InteliCare , ha scored a trifecta of peak technology-body industry awards at Australia’s longest running and most broad innovation program.
ASX-listed tech company, InteliCare Holdings, has scored a trifecta of peak technology-body industry awards at Australia’s longest running and most broadly scoped innovation recognition program clinching the overall $10,000 prize in the process.
The Perth-based company says winning the multiple gongs reflects growing universal recognition of its proprietary artificial intelligence online platform and its impact on the aged-care and disability-care sectors.
InteliCare took out its two nominated categories in the 2020 iAwards – the Not-For-Profit and Community Solution of the Year and Technology Platform Solution of the Year – as well as the prestigious overall Victorian Government Inspiration Award from a field consisting of more than 40 technology companies, including some of the biggest names in research and technology.
For almost three decades the Australian Information Industry Association has been running the iAwards program, looking to promote an innovation nation and excellence in the digital space through the application of information technology.
InteliCare’s platform is an internet-based mechanism designed to help family members and or care providers monitor the wellbeing of elderly and or frail people living at home.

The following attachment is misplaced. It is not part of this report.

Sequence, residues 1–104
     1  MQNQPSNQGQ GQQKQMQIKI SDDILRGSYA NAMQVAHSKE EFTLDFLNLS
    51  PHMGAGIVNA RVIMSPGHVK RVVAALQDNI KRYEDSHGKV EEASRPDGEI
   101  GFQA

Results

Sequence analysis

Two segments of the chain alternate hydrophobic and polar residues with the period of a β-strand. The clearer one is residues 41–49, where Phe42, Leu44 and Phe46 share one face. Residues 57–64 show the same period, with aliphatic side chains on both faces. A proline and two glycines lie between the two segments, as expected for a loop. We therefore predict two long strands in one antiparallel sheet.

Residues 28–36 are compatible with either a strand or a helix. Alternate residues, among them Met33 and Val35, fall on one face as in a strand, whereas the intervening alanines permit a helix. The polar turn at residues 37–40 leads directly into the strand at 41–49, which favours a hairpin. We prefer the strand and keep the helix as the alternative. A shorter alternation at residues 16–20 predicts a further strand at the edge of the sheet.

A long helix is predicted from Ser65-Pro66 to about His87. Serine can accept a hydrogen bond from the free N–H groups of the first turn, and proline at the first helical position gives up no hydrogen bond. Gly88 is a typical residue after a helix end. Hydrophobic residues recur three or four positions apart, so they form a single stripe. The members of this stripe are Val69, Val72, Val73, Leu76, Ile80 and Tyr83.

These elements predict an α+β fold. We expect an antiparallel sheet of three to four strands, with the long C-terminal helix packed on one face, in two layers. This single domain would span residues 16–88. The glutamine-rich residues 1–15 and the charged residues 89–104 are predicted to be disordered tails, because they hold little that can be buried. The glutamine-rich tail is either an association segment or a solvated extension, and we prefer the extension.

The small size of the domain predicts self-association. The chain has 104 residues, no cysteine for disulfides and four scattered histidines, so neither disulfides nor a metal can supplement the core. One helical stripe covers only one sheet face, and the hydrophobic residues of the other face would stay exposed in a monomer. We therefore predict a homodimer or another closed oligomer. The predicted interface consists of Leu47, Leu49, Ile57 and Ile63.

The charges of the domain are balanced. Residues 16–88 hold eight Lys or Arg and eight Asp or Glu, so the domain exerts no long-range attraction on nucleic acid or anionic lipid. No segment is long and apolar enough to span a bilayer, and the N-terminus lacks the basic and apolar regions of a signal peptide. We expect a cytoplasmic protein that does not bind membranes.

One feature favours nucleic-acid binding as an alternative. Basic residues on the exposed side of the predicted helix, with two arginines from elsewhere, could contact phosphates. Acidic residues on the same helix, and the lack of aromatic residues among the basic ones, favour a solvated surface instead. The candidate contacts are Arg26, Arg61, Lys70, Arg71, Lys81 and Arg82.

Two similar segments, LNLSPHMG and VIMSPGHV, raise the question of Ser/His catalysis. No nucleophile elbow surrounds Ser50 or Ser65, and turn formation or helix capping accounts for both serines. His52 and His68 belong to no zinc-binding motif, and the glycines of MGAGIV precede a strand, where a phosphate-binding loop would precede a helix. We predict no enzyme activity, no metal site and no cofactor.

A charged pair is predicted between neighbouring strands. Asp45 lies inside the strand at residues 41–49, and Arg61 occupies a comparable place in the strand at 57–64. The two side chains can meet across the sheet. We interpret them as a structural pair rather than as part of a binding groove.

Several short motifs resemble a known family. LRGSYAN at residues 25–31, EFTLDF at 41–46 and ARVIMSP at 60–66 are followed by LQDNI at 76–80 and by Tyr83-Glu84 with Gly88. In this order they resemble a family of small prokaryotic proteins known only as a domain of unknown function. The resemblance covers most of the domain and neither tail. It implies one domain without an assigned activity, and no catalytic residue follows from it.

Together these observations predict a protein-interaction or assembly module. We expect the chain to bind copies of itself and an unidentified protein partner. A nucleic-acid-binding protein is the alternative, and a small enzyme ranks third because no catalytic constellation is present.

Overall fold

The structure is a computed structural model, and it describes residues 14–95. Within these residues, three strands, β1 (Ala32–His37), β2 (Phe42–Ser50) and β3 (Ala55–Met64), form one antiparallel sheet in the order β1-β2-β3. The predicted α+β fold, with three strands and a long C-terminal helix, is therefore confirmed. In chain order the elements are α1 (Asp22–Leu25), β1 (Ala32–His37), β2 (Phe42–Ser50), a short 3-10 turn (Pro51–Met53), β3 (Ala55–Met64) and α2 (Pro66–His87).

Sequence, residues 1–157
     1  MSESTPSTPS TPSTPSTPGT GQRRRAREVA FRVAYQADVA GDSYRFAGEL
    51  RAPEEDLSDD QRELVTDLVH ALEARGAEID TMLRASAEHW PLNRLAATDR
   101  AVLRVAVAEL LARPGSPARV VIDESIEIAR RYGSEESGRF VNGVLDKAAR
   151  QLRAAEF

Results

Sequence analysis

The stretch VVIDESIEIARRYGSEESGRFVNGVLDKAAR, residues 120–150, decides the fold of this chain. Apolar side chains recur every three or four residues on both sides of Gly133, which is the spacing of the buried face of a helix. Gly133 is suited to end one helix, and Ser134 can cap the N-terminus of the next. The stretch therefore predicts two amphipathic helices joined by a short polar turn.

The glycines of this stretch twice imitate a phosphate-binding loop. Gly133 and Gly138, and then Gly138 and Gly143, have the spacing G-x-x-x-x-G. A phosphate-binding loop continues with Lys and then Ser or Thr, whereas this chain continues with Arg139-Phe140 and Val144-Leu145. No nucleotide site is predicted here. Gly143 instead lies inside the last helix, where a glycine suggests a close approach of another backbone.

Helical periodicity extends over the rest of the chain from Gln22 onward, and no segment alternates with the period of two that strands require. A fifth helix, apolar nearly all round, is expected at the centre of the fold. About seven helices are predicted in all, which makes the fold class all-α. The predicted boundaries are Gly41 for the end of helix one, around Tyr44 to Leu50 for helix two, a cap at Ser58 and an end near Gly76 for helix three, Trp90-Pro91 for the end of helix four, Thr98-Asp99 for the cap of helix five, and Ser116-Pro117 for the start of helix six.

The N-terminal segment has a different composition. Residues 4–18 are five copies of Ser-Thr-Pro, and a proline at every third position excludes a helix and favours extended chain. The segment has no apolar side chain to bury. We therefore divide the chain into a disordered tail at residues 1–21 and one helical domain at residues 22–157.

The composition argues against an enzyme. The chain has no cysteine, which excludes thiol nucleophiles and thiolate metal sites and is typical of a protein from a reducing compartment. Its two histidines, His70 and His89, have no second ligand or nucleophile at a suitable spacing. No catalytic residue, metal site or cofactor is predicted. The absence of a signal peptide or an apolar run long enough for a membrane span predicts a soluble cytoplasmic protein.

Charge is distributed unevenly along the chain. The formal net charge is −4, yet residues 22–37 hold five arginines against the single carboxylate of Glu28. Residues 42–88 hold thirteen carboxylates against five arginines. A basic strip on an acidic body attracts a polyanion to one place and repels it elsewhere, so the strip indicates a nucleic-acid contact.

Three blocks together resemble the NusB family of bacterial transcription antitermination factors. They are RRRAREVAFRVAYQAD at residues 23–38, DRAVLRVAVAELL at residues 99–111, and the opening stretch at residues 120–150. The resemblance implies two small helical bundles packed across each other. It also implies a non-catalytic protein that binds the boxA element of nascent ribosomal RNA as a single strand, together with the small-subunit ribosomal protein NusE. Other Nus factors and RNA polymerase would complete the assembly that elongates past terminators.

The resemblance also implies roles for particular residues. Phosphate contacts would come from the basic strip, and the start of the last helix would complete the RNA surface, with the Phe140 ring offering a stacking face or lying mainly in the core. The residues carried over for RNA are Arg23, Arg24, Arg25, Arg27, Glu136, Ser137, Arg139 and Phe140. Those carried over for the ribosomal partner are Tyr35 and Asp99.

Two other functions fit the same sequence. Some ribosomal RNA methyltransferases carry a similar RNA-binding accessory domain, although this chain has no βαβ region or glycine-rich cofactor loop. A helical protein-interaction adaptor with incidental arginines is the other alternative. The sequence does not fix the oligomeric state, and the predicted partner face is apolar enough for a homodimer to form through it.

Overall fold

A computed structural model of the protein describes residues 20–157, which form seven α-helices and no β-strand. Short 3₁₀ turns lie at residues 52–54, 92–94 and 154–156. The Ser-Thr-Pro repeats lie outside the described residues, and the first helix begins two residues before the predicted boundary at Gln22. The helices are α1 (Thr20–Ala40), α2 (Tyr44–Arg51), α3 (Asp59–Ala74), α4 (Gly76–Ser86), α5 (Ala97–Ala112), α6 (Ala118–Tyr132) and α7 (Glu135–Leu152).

It uses smart in-home sensors to gather information about the activities of elderly or frail family members whereby the system learns an individual’s daily movement habits within the home and sends regular reassurance messages to carers via an app.
Most importantly, if the system detects behaviours that signify a change in the elderly and or frail person’s normal daily routine, a real-time alert notification is sent to the smartphone or other device of care providers – family, carers or healthcare professionals.
The in-home sensors are linked to the company’s artificial intelligence technology, which picks up the resident’s normal daily movement patterns and abnormal activities.
Originally published at The West